Let me say it clearly without fear: I'm a sucker for cheesy love stories, and "City of Glass" is as cheesy as they come.

Whether you're going to like this movie or not will rely solely on your ability not to vomit after constant exposure to several different versions of the same cheesy pop song, "Try to Remember".

Still, the basic premise of "City of Glass" makes for a good love story by any standards. Though, by it's very nature, the parents' story is the most interesting because there's more at stake. There no risk involved in the kids' story, but it's a nice idea to juxtapose the two timelines. I love the way the story moves from one time period to the next in an almost seamless manner.

"City of Glass" work very visually, and keeps the talking to a minimum. That makes it a very accessible and very emotional story, where images, colors and music are preferred over dialogue and exposition. A picture speaks a thousand words after all...

And speaking of pictures... this is without a doubt one of the most beautifully photographed Hong Kong films I've ever seen. Jingle Ma, cinematographer turned director with such films as "Goodbye Mr. Cool", and "Tokyo Raiders" under his belt, is the one responsible for the images here. The mood and tone of the photography supports the emotions of the actions in a way that more often than not leaves you breathless. In a word: stunning.

The writing is impeccable.

The love stories evolve in a very natural way that doesn't seem forced, or staged, or needlessly emotional, the way Hollywood films often end up.

The only weakness I want to point out, storywise, is the fact that it's never clearly explained why Raphael and Vivien don't break up with their respective spouses, seing as they are so unhappy, and so desperately wanna be together. This could be explained by the usual reasons, staying together for the kids and so on, but it still needs to be addressed within the film. Somebody needs to say "we're staying in our miserable relationships because..."

But this is the only serious flaw in the story, and there are many cute and touching scenes between the two couples that - in my opinion - it's easily forgiven.


Okay, the age difference could be considered a problem. There's no way Shu Qi and Leon Lai could be old enough to be parents with children as old as Daniel Wu and Nicola Cheung. But since the film never shows the kids and the parents together, side by side, it somehow works anyway. And though Shu Qi doesn't seem to age a day from her early scenes (in the '60s) to the present day ('97). she still manages to pull of the transition from young, innocent, and in love, to older, wiser, and a little bitter. Ditto for Leon Lai, though the ever so delicately applied grey stripes in his hair constitute the only physical change the couple is going through.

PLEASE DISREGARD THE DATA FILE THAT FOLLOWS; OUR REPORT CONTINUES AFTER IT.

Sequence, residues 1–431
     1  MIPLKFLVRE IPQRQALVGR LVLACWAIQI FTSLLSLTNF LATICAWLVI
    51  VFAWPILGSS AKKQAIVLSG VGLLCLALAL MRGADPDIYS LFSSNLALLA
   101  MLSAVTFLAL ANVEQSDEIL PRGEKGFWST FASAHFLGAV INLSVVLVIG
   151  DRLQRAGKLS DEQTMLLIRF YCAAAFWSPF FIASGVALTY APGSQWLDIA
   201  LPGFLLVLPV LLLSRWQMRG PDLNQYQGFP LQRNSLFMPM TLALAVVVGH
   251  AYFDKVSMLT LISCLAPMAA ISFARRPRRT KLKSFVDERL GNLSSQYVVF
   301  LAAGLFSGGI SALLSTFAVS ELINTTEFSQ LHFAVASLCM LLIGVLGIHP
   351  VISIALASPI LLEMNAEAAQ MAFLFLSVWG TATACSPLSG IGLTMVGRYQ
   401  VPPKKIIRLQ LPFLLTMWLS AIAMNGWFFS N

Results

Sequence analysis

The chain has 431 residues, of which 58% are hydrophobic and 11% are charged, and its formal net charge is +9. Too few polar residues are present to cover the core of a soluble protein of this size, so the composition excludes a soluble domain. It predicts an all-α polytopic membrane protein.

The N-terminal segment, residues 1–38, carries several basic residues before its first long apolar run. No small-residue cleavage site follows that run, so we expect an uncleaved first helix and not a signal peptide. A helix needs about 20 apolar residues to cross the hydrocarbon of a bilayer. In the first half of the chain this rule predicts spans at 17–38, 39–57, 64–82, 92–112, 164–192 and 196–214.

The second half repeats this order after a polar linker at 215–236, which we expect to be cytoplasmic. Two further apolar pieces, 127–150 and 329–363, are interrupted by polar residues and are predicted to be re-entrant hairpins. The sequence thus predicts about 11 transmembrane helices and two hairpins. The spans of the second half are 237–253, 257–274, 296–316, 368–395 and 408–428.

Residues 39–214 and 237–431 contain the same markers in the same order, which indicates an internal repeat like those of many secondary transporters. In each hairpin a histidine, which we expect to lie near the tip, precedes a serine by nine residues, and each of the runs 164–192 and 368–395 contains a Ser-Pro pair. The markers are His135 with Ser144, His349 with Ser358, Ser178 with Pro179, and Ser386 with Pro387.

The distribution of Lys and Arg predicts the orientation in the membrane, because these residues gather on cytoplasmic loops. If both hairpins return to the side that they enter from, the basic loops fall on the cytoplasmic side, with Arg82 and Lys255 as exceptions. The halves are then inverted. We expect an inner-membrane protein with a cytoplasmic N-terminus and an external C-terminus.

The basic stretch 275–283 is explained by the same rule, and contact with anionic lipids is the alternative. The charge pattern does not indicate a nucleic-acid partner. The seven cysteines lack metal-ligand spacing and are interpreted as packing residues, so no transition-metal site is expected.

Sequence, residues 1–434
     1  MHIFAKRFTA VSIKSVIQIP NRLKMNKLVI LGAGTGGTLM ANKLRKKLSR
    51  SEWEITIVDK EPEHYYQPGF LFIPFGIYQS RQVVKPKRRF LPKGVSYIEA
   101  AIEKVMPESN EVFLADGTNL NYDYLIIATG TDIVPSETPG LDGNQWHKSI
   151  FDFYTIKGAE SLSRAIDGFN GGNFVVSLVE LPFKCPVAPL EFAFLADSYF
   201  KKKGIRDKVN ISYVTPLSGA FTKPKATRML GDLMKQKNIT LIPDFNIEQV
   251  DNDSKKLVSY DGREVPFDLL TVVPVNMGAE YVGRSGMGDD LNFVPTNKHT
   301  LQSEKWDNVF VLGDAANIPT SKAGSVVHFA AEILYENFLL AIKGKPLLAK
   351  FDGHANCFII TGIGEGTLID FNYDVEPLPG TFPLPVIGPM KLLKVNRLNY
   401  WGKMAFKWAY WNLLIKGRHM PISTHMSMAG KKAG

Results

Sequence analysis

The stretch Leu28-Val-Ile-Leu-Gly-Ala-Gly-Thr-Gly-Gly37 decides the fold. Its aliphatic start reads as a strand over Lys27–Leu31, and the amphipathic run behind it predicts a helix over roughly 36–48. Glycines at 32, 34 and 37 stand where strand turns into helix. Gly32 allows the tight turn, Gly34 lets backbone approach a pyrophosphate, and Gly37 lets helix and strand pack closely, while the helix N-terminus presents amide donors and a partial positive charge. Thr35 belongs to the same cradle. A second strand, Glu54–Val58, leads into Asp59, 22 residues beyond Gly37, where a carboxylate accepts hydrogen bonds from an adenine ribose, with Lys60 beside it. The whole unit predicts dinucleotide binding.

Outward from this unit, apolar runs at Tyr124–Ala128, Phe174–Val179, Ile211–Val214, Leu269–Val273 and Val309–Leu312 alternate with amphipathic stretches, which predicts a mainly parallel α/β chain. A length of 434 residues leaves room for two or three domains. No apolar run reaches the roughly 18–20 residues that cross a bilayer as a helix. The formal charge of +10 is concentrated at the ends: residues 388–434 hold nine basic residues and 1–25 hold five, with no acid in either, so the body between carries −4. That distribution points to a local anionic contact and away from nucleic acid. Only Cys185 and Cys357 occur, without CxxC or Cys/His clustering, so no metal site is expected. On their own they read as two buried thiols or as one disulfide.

David Wu and Nicola Cheung have a lot less to work with, but still they manage to make an impression, mostly because their scenes are so cute.


Except for the character of Derrek, Raphael and Vivien's friend, the two couples are basically the only characters in the film. There are no parents and almost no friends present in the film meaning that the love stories takes place in a void. The only elements in the story are the characters, what they can do to each other, and what the world can do to all of them. But you know... that's quite enough.

If you're an old softy like me (for the record I'm from '75), who also cried during "Dirty Dancing" and "Pretty Woman", then you're gonna lap this one right up! But if you have trouble stomaching romantic films like this, then stay away because you're gonna find little to like about City of Glass... Oh, and on a public service note: Shu Qi is not even a little bit naked in this one, and still it's one of my favourites. Go figure.

David Bjerre